The Guggenheim's "Russia!" exhibit is a sprawling, ambitious collection of Russian art, gathered from seven centuries of history. The curators have arranged the art chronologically, which gives the collection great momentum, coherence, and intensity. There's a unique perspective to be gained by watching a nation's history unfold through its art. If art history is the record of ideas, approaches, and subjects that have been considered beautiful or interesting, then this chronologically arranged procession of images represents the flow of consciousness and self-consciousness in the mind of the nation. It's like taking a walk through Russia's brain. The Guggenheim's spiral-shell design is perfect for this exhibit; the visitor circles through the centuries, finally emerging into the present.
The average American has only a fragmentary understanding of Russian history and culture, gleaned in scraps from Tolstoy and Dostoevsky, and shaped by the Cold War and the anti-Communist hysteria of the 20th century. In this respect, I admit, I'm an average American. "Russia!" does convey a feeling of greater intimacy with the culture. It also helps the viewer to understand the various shapes that power has taken over the course of its history. However, since Russia is linked in the American consciousness with the idea of abusive power, it's chilling to see the extent to which the history of Russian art is a history of subjugation to powerful ideologies and institutions.
The collection begins with Orthodox iconography, which dates from the 13th century to the 17th. Portraits of the aristocracy dominate the 18th century. Although they're blessed with the opulent and shameless prettiness common to that era, these images still represent state-sanctioned and state-commissioned images of the people in power. In the early 20th century, the images on display bear witness to the ideals of the revolution and (slightly later) the censorious hand of Stalin. Without falling into the Red Scare rhetoric in which most Americans have been steeped, one can say that it's depressing to see Russian art homogenize and sterilize itself by devoting itself entirely to abstraction and Socialist realism. However, the self-consciously important iconography of Socialist realism is remarkably similar to the earliest pieces of the collection, which bear witness to a time when Russian art was almost entirely devoted to the Orthodox Church. They share an emphasis on stiff, mannered, stylized figures, a devotion to anatomical detail, and a love for fervid, hyped-up colors and strong contrasts.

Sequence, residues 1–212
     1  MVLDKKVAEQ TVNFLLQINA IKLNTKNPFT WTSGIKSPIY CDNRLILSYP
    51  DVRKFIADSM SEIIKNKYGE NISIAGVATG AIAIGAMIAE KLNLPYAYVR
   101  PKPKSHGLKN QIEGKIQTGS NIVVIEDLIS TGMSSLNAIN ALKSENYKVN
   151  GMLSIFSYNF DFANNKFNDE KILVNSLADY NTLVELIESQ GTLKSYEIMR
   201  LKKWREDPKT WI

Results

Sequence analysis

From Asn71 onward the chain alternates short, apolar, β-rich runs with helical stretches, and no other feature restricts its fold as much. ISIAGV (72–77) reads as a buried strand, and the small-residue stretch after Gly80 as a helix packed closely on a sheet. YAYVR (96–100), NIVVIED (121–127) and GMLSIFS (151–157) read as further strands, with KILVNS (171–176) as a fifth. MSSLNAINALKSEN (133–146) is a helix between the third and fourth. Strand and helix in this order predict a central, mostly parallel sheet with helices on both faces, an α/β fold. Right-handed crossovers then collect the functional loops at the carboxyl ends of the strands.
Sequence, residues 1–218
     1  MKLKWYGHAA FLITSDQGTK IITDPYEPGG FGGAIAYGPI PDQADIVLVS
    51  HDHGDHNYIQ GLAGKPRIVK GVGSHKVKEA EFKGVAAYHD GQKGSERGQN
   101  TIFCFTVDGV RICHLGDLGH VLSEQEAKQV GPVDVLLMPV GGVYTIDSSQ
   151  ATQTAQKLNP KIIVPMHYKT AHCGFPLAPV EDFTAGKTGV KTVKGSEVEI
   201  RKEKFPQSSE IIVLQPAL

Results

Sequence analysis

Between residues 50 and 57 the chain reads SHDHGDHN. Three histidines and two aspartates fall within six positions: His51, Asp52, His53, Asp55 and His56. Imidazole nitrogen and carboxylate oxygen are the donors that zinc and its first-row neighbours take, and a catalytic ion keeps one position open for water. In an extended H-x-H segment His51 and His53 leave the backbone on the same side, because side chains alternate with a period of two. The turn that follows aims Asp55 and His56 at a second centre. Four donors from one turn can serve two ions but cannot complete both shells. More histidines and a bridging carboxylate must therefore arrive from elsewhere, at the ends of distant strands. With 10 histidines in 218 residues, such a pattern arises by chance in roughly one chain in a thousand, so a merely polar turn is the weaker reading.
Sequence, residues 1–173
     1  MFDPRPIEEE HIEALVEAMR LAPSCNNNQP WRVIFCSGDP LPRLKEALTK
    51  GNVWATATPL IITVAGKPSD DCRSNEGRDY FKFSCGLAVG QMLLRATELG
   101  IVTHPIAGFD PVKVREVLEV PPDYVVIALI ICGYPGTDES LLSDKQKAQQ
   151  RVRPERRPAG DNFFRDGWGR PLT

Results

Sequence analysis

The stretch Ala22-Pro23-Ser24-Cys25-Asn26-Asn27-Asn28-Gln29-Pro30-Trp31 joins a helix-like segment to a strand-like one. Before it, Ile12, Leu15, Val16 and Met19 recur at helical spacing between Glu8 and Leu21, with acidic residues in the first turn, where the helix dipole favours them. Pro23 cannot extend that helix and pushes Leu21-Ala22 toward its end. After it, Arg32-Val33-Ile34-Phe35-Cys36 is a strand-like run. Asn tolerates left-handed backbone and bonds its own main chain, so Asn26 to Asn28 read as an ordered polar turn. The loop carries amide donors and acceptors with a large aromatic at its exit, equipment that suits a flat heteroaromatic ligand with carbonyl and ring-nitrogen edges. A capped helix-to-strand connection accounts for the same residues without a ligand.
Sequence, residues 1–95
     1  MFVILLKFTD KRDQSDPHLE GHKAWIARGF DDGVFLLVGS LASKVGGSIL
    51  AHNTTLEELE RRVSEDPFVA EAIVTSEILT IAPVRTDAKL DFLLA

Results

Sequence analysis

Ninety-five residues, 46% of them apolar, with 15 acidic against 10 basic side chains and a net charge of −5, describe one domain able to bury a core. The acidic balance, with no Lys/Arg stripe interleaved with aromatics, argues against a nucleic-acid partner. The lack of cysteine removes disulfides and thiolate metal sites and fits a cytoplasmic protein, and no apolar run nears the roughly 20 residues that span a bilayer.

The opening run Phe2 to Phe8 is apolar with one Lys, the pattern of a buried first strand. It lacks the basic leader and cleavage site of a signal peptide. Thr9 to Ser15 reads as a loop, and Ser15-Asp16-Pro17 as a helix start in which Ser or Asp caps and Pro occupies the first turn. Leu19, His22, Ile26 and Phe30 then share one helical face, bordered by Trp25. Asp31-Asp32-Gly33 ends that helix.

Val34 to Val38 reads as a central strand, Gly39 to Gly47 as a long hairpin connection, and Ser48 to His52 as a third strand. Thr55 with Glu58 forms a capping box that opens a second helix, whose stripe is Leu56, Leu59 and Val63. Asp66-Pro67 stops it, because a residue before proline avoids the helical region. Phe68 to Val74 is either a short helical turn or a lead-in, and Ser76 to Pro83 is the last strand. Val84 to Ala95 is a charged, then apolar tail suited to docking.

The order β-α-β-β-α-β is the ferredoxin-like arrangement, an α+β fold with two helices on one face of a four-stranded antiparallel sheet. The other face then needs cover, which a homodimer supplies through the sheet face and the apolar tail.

This striking resemblance brings home one of the most important themes of the show: throughout the centuries, painters and sculptors have tried to define Russia through their choice of subject, but, as in the art history of many other cultures, their choice of subject was often strongly influenced, or even controlled, by the power structure of the day. As the visitor spirals through "Russia!", he can watch the dance of art and politics.
Although the exhibit has more to do with history and tradition than with any particular images, certain periods and painters do stand out. The early Orthodox paintings are beautifully intense, and a tapestry of the martyred Christ embroidered in gilt and silver thread is remarkable for its subtle, painstaking detail; Christ has kneecaps, finger joints, wrinkles, all done with swirls of thread. In the 19th century, Russian art opened itself to Romanticism, with all the moodiness, sentimentality, and lush, morbid eroticism that the term implies. Stately portraits of royalty gave way to fantasies and landscapes, such as Alexander Ivanov's quiet, evocative plein-air pieces and Ivan Aivasovsky's remarkable shipwreck painting "The Ninth Wave," in which translucent, killing waves are painted against the annihilating fire of a sunset.
"Russia!" is big, moving, and completely exhausting. At a certain point, the brain just can't process any more images, and you leave reeling. But that's okay; "Russia!" is worth a second visit. - Sady O
"Russia!" is on display until January 11th at the Guggenheim Museum, 5th Ave. & 89th Street in New York City.
For more information, visit www.guggenheim.org, or call 212-423-3500. Ms. Sady O. is a poet, essayist, and cultural critic. She also writes the Brain Porn Culture Blog.